My heart was pounding. My hands were cold and clammy. My breathing was rapid and shallow, I had butterflies going bananas in my stomach and my mind was jumping all over the place.
WHAT had I let myself in for? I must be mad! I can’t possibly do this. What if I make an utter prat of myself?!
What was going on?!?!
…I was preparing to go on live BBC local radio to talk about … tips on relaxing! And I was a bag of nerves…. Ha! The irony wasn’t lost on me…
So, what was really going on?
Well, my body’s stress response had been stimulated – that “fight or flight” reaction where stress hormones surge around the body getting us ready to run or fight because we think we’re under attack.
The digestion system slows, reasoning and thinking becomes impaired as blood flows to the muscles and we’re in a heightened state of attention, getting ready to flee the scene or fight it out.
It’s a response which so many of us experience each and every day.
Living with stress
The body’s stress response can be fired up by lots of different things.
In my case it was nervous excitement. It was the first time I’d done anything like this and I was filled with thoughts and questions and wondering how it would go and I was really excited! But underneath this there was a deep, subconscious, fear that I would harm myself … by making myself look stupid. I was under attack by my own self doubt! Isn’t the mind a thing of wonder?!
But for you it could be the prospect of a job interview, giving a presentation, dealing with a spider, an email from your boss late at night, worries about your children, pressure of imminent deadlines, the ill-health of a loved one, dealing daily with difficult colleagues, the commute to work, financial pressures… the list goes on and on.
Or it could be positive stress (i.e. a response to something which is potentially beneficial or enjoyable but you feel a bit nervous) like going on the radio(!) or going to an event on your own and meeting new people.
The body’s response
Whatever the cause of the stress – whether the mind deems it negative or positive – the body has the same response.
The surges of stress chemicals (Adrenaline, Cortisol, and Norepinephrine) which allow us to act quickly, to think on our feet, to get stuff done and to meet deadlines also make us jittery and full of anxiety and produce physical symptoms such as sweating, shaking and shallow breathing.
And long-term, the constant presence of cortisol in our body can lead to headaches, muscle tension, fatigue, digestive problems, problems sleeping, anxiety, restlessness, agitation, anger, lack of libido and depression.
Short-term ways of dealing with the stress response
So when your heart is pounding and the stress response is triggered, what can you do?
Well, here are my four simple but effective tips for dealing with the stress response in the actual moment when you’ve got those sweaty palms and the jitters.
Release your shoulders & jaw
When we’re stressed it’s common for us to tense up our shoulders and grit our teeth – so you end up with your shoulders around your ears, a clenched jaw … and probably a head ache!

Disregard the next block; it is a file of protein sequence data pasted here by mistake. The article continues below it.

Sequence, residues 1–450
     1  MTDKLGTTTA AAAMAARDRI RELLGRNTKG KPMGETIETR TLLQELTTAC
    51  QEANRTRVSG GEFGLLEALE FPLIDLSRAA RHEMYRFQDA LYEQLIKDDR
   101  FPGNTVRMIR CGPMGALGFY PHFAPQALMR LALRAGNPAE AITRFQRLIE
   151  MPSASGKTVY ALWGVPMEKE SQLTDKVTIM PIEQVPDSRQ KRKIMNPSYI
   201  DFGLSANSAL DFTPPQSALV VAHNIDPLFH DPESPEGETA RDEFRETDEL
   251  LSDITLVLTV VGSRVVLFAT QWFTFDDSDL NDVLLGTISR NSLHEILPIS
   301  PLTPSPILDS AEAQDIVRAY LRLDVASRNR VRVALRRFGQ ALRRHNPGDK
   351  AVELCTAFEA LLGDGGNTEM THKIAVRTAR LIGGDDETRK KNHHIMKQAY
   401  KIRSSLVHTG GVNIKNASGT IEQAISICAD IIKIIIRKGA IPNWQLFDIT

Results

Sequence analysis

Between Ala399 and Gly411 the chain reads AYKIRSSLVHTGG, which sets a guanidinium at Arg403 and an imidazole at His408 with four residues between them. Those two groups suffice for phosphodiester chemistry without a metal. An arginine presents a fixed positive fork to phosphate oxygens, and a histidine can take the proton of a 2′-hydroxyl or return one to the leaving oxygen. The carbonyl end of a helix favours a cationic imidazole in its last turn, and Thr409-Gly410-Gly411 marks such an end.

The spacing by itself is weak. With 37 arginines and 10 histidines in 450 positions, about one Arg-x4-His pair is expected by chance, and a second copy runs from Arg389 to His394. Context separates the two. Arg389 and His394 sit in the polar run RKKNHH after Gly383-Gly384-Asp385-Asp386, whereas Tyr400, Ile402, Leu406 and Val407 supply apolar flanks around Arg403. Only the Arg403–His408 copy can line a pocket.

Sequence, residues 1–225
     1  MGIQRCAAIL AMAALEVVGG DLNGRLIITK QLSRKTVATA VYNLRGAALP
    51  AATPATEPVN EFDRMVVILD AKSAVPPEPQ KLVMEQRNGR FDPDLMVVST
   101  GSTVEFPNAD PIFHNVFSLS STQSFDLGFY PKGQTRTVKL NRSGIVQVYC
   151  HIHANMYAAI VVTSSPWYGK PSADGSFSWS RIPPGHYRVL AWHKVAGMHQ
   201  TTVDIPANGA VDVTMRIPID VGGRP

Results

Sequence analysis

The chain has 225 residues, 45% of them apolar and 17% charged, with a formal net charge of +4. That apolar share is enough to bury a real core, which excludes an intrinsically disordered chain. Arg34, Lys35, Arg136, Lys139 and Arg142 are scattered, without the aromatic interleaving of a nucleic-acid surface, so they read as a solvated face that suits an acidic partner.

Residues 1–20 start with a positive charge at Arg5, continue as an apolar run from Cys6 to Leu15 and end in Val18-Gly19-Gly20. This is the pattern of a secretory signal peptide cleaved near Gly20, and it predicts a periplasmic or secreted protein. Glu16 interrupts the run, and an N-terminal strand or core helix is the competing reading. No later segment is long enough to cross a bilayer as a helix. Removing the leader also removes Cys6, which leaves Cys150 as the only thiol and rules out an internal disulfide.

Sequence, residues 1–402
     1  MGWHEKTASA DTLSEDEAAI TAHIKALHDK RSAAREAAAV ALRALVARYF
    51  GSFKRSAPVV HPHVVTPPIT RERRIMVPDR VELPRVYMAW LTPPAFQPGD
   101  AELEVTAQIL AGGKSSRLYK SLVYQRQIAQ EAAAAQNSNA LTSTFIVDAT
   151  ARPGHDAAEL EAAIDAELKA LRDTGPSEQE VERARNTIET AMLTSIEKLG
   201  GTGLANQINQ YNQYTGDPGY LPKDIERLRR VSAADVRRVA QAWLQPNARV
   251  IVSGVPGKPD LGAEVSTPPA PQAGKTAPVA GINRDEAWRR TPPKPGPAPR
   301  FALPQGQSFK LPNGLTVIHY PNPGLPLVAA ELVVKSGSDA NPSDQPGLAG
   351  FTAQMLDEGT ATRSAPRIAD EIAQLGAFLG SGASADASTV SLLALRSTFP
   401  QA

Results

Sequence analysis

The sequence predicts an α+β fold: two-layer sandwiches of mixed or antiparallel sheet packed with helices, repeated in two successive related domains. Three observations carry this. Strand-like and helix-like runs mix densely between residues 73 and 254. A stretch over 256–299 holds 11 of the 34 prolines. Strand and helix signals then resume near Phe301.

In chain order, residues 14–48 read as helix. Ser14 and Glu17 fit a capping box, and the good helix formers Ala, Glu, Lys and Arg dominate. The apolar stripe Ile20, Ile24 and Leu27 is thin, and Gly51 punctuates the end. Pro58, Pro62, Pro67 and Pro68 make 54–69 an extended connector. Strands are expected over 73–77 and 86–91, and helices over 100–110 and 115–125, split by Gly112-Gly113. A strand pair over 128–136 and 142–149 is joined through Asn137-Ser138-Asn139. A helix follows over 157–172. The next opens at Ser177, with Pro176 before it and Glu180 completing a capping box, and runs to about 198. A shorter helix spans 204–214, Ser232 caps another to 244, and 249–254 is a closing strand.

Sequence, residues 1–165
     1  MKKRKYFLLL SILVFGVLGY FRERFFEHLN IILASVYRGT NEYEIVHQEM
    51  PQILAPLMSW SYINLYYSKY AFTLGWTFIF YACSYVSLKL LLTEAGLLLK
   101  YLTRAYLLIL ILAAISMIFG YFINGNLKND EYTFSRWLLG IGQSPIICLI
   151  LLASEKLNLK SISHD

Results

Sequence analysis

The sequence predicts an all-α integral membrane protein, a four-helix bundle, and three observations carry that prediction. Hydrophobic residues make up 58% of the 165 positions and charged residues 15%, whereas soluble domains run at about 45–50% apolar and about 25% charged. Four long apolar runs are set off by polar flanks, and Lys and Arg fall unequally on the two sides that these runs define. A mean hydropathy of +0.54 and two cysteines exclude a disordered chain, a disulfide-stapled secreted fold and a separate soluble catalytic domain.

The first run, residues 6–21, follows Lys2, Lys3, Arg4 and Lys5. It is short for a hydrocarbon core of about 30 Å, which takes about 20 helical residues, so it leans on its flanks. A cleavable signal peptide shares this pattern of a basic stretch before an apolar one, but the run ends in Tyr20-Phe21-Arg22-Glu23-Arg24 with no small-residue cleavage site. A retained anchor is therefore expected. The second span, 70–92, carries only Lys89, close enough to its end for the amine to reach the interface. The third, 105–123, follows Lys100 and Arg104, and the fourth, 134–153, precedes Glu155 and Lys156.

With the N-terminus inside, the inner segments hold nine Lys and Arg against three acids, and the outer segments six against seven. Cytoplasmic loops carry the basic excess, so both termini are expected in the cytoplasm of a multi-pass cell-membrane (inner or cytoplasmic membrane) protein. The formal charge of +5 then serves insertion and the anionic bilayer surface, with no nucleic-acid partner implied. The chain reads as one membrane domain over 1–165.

Solution: Breathe in and consciously raise your shoulders up to your ears – go on, as far as they’ll rise!Then sigh the breath out and let them drop.
Repeat a few times – and hopefully you’ll start to feel the tension melting away.
When we’re tense and stressed we breathe shallowly. We’re nowhere near using our full lung capacity. So we’re not getting the fresh oxygen our body needs to function well and we’re not breathing out the toxins our body gets rid of through our breath.
And breathing shallowly reinforces a sense of tension in your body. If you breathe fully it’s nearly impossible to stay rigid and tense.
Solution: Breathe deeply – in and out through your nose if you can as this slows the breath.
Breathe in to a count of four and out to a count of four. Equalise your breath.
Feel a sense of relief and release flow through you.
Do you notice that when you’re stressed your mind goes into overdrive? Worrying, planning, judging….
You need to give your mind something else to focus on.
Solution: Give your mind these two words: “Let … Go…”
It’s simple – but effective. Focus on letting go of the worry, letting go of the tension…
And tell yourself this…
It’s just how it is.
Give your mind permission to shut up!
No matter what crappy or scary or worrying situation is going on – it’s just how it is.
Solution: there’s no point resisting it, this is the situation you’re in now.
Resistance = frustration & anger = stress.
Try to calm yourself and then you can deal with the situation with a sense of reason and equanimity rather than panic and fear.
Give it a go
So go on, give these a go next time you’re feeling stressed out. A few simple little tricks like these, practised regularly, can start to make a big difference to your longer term sense of wellness.
And for your long-term health you need to be able to release tension through regular exercise as well as giving yourself time to relax and switch off (and I mean switch off … the TV, computer and smartphone too!).
And, of course, yoga provides all of that and more as a regular practice helps you to become more mindful and access a quiet place of calm and resilience within you – helping you to cope better with stressful situations as they arise.